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Jan 22, 2018
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Intelligent Content For The Food Fascinated
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SERVING SAINT LOUIS SINCE 1999
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Drink This Weekend Edition: Small-batch spirits to make the drink scene bright

December 9th 03:12pm, 2011

120911_pickneyIn the wide world of alcoholic beverages, the word “small” is in big-time fashion. Tiny wineries and microbreweries are cropping up across the country, offering drinkers some tasty tours of avenues off Main Street. In the case of spirits, the explosion of small-batch, artisan distilleries gives drinkers the opportunity to explore myriad expressions in practically every spirit category. Case in point: Pinckney Bend and Dry Fly, two distilleries new to the St. Louis scene.

Located in New Haven, Mo., about 50 miles west of St. Louis, Pinckney Bend Distillery launched its first product last week: a small-batch gin made with American grain and infused with the flavors of nine certified organic botanicals, each distilled separately. Distillery co-owner Ralph Haynes explained the decision to limit the number of botanicals. “If you load them up, things can become muddled,” he said. “Our goal was to create a gin that merged the dominant juniper more gracefully with citrus, to create crisp layers of flavor, without losing focus.” Thus Pinckney Bend dialed back on the juniper and coriander and kicked up the citrus with sweet and bitter orange and lemon peels.

Pinckney Bend gin is one of the few Missouri-made gins on the market and joins Spirits of St. Louis gin as one of only two made in the region. In addition, the craft distillery partnered locally with 2nd Shift Brewing, also in New Haven, for its grain mashing and fermentation.

Also new to the region: Dry Fly Distilling, a craft distillery in Spokane, Wash., which produces a line of vodka, gin, whiskey and bourbon using only locally grown grains and botanicals. The company was founded in 2007 but its products finally arrived in St. Louis this September. The vodka, made of winter wheat, tastes of butter and has a smooth, creamy texture. Dry Fly gin is infused with the flavors of six botanicals – juniper stands out, as do licorice and lavender. It’s a lively gin and a nice expression of a spirit that is meant to be mixed, so be sure to try this one in a classic gin martini. Dry Fly’s 100-percent wheat whiskey, aged for 18 months in new American oak casks, is a superb sipper. Sniff caramel and butterscotch and savor the soft taste of ripe stone fruit and a dash of warm cinnamon. Dry Fly Washington bourbon, the first-ever commercially produced bourbon from Washington State, just hit the area market.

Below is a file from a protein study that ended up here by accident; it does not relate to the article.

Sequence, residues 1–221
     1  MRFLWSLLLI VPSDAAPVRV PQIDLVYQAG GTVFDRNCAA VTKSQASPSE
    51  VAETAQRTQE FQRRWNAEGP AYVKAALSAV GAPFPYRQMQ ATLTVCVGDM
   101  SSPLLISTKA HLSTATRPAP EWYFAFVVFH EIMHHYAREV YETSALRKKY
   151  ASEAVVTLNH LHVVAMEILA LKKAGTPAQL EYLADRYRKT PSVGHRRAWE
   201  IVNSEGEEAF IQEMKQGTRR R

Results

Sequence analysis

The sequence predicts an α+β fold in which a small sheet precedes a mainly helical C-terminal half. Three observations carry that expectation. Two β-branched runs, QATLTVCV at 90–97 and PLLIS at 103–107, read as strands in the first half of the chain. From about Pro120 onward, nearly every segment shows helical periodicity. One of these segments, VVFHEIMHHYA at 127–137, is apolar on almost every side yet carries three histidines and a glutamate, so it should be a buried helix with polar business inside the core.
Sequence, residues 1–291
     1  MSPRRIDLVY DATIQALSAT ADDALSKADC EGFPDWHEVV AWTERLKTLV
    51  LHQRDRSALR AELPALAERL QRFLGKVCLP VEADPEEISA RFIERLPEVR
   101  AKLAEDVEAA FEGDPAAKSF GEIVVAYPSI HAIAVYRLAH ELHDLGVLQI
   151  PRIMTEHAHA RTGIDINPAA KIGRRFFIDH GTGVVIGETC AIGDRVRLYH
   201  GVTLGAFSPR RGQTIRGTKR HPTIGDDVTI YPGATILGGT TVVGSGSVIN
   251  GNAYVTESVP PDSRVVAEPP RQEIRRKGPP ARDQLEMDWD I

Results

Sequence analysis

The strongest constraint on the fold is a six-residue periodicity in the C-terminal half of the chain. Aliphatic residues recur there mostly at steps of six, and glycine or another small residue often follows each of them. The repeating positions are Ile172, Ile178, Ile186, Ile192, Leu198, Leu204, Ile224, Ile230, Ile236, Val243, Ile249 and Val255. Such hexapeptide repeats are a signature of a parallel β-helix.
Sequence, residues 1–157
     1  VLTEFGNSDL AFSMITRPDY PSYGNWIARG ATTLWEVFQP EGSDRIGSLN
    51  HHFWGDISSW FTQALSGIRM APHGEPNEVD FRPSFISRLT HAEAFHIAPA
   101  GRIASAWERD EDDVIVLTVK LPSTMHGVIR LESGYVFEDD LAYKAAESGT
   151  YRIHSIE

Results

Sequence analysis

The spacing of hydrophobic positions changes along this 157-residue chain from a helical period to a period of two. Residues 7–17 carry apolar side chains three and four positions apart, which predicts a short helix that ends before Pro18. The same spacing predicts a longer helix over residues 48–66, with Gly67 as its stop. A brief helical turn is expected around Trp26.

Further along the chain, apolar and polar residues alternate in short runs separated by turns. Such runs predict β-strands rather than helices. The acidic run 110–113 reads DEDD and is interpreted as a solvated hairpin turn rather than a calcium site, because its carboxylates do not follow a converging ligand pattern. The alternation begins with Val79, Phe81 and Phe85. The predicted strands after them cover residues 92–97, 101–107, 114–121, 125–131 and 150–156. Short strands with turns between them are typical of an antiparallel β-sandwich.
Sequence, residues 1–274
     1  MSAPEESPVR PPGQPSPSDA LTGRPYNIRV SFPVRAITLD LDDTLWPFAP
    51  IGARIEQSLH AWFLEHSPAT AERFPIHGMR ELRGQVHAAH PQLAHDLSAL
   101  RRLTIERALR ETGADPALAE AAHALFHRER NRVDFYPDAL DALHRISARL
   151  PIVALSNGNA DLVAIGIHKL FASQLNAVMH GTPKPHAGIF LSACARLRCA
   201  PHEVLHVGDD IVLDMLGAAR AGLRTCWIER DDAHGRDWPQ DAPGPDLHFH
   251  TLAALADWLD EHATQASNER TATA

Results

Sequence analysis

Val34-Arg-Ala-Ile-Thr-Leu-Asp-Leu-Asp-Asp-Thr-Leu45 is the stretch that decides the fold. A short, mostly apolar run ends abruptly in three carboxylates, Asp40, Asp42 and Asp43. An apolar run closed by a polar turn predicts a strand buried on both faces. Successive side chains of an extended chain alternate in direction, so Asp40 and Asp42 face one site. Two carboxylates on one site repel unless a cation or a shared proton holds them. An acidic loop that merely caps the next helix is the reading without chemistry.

So, how can you track down a bottle of these new-to-The Lou spirits this holiday season? You’ll find Dry Fly and Pinckney Bend on shelves at The Wine and Cheese Place in Clayton. A 750-milliliter bottle of Pinckney Bend gin retails for $23, while the Dry Fly gin and vodka both clock in at $33. Dry Fly whiskey sells for $50 and the bourbon is $65. If you enjoy these offerings, keep an eye out, because more are on the way. Dry Fly Brand X, a whiskey made from triticale (a rye-wheat hybrid grain) and aged in French oak, should arrive in fall 2012. Also look for a Pinckney Bend malt-based whiskey to debut next summer.

By admin

One Response to “Drink This Weekend Edition: Small-batch spirits to make the drink scene bright”

  1. Sauce Magazine Blog » Blog Archive » Area distilleries make big splash at San Fran World Spirits Competition Says:
    April 4th, 2012 at 1:41 pm

    [...] for its Pinckney Bend Gin. Founded last year, the distillery is one of the few in Missouri with gin on the [...]

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